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Compass/Styles/Histo ry/Clutter thread

FretboardToAsh

As said in the title, this is what I've been working on, it's actually more that I thought. I'll eventually divide the stuff in several thread according to subject.

EVERYTHING YOU FIND GOES HERE!

No seriously, everything you find and you think can be of use, post a link. Or send it to my account in PM, even if you're not sure what to do with it. That includes typos, and everything you feel is off.

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Compass/Styles

Flamenco is not a style of one people, there have been many, many influences. Both from the east, north, south, and west as well later on. Granada, is one of the best sources when it comes to how and when these people came together. And to learn how and where Flamenco came into being. Granada lies in the South of Spain, and shows signs of having contact with civilizations since prehistoric times. The oldest sources of this, are coins made by the Turdulos, one of the most civilized Iberian tribes who made coins on which Granada appeared but was named Iliverir. Later on, the Phoenicians, Greeks and Carthagers appeared on the list as well. The Roman empire settled in Granada eventually, and the Holy Cecilius occupied the position of bishop there in the year 62. The Iberian Iliverir became the Roman Iliberis.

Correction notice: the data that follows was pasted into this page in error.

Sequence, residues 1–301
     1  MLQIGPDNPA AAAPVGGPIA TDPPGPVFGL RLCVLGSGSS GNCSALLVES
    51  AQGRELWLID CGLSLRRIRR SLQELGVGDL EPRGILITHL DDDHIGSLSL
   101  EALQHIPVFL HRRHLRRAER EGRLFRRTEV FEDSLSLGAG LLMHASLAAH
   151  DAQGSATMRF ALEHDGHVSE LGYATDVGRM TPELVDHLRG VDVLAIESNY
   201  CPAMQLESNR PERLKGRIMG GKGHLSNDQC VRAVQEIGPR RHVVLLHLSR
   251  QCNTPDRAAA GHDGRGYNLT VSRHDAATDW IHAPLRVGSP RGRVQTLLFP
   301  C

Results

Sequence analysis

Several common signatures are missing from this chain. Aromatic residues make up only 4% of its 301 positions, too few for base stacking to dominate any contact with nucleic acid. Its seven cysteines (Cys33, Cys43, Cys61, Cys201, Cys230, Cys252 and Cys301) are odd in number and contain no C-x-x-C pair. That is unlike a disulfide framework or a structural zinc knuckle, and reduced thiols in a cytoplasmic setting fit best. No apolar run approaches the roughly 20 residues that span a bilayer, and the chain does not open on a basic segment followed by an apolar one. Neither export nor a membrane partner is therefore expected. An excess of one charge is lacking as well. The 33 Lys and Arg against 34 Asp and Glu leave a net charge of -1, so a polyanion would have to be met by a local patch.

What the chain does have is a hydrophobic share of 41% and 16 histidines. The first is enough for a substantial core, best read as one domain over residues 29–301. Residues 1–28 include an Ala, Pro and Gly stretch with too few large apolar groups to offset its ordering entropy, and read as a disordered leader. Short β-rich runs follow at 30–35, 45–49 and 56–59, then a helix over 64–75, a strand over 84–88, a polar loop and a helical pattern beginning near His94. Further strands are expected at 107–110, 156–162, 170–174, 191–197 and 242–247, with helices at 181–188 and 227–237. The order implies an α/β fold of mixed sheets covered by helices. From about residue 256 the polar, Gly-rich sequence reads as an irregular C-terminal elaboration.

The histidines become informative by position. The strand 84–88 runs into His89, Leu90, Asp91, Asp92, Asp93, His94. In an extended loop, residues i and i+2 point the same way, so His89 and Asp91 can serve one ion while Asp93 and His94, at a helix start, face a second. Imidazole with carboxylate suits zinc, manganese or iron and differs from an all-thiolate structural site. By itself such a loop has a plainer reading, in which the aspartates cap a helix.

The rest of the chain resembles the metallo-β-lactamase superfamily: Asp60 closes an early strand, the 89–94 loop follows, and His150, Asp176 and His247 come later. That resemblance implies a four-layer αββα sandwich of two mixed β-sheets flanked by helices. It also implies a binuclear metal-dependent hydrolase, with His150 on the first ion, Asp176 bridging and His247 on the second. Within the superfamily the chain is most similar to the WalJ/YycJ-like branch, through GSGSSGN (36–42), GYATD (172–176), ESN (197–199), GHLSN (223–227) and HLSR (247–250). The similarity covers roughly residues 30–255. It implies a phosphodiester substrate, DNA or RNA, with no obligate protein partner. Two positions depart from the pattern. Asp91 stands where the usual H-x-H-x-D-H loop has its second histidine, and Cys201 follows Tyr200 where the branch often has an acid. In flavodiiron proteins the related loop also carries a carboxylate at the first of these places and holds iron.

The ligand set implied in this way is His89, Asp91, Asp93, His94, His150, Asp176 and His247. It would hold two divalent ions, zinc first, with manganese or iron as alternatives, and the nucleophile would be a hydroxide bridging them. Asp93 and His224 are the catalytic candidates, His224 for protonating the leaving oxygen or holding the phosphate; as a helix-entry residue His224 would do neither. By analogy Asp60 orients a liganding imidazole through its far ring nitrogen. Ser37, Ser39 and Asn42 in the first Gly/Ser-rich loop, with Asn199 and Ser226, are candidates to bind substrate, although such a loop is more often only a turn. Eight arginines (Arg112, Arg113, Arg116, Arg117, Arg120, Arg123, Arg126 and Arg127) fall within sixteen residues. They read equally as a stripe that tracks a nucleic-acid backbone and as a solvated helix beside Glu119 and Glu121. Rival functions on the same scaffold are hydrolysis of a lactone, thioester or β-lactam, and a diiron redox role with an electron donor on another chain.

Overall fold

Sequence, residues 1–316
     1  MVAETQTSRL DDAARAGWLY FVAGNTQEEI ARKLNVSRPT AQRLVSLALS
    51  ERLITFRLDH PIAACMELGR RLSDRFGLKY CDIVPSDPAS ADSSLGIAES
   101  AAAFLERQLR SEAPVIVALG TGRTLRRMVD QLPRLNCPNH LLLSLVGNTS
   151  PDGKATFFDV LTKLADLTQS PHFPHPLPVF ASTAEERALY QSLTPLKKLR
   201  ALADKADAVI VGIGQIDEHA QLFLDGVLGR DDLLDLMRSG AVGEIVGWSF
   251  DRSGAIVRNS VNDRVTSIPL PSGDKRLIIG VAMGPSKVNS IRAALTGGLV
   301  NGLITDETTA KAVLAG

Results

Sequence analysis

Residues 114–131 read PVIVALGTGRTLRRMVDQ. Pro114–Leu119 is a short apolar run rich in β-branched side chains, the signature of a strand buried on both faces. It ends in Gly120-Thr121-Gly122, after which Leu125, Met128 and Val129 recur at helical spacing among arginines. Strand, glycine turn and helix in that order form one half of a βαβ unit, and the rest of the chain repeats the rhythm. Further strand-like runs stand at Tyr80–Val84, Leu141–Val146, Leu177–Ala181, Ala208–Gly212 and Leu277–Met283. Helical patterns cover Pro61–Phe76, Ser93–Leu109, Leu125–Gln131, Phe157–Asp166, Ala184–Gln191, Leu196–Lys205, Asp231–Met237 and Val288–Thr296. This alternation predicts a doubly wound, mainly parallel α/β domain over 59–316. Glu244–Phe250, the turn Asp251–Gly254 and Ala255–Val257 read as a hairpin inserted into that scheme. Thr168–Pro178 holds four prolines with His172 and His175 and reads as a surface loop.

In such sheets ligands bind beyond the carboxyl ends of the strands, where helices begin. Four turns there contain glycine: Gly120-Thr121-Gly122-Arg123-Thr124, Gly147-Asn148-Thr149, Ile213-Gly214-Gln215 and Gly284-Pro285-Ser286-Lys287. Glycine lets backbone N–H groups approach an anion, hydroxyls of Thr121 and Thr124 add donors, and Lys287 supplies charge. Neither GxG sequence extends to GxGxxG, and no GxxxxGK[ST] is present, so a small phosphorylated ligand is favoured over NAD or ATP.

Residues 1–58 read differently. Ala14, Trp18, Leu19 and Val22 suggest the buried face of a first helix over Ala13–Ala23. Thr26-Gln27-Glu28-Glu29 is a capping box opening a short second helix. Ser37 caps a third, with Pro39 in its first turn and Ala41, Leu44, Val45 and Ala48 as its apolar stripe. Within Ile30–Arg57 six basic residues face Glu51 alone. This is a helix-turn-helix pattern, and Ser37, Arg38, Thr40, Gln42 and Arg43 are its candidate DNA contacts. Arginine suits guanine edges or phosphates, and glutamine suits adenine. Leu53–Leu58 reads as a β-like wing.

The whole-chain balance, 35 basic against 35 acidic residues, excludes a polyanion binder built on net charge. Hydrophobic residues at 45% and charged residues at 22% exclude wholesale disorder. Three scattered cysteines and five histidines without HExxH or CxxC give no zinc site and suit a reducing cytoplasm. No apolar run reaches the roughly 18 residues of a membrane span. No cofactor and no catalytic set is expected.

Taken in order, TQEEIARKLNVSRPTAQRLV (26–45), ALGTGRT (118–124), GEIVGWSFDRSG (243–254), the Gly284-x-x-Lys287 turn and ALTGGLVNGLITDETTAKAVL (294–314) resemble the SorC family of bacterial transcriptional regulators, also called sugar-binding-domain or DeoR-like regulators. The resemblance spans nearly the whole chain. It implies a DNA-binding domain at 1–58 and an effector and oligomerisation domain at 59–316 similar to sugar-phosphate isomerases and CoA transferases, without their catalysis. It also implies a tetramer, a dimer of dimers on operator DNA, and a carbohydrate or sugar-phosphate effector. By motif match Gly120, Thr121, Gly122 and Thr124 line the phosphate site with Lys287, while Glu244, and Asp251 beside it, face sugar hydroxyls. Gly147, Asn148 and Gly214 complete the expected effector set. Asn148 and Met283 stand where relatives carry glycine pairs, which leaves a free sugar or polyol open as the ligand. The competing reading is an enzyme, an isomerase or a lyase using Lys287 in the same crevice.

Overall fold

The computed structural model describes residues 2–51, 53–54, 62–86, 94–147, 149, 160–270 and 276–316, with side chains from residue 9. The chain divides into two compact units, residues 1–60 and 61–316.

Supposedly, the yews

Around the 7th century, the Arabians who had settled

The gypsies, from

The compass, is generally the flesh and bones of Flamenco. It is the single part that gives Flamenco its feel, and what can get people aroused like no other style can.

You cannot play Flamenco and not be in compass, it is not Flamenco.

There are, apparently, about 48 different styles. And while I do not know them all by far, I will try to describe the several different styles and compass that they belong to. Ill also try to put a short description about every style. Id rather put every style in its own thread, but a short and sweet one like this might just work better. But, seeing as people have been nagging to me about it for ages and something like that just isnt going to happen for a while, well settle for this for now. Im putting every style in a separate post which I will edit along the way as I dont have everything here and need to dig back into my mountain of source material, or as we know it, my memory. Once its an appropriate amount on all I will eventually turn them into lessons with examples and how to put one together.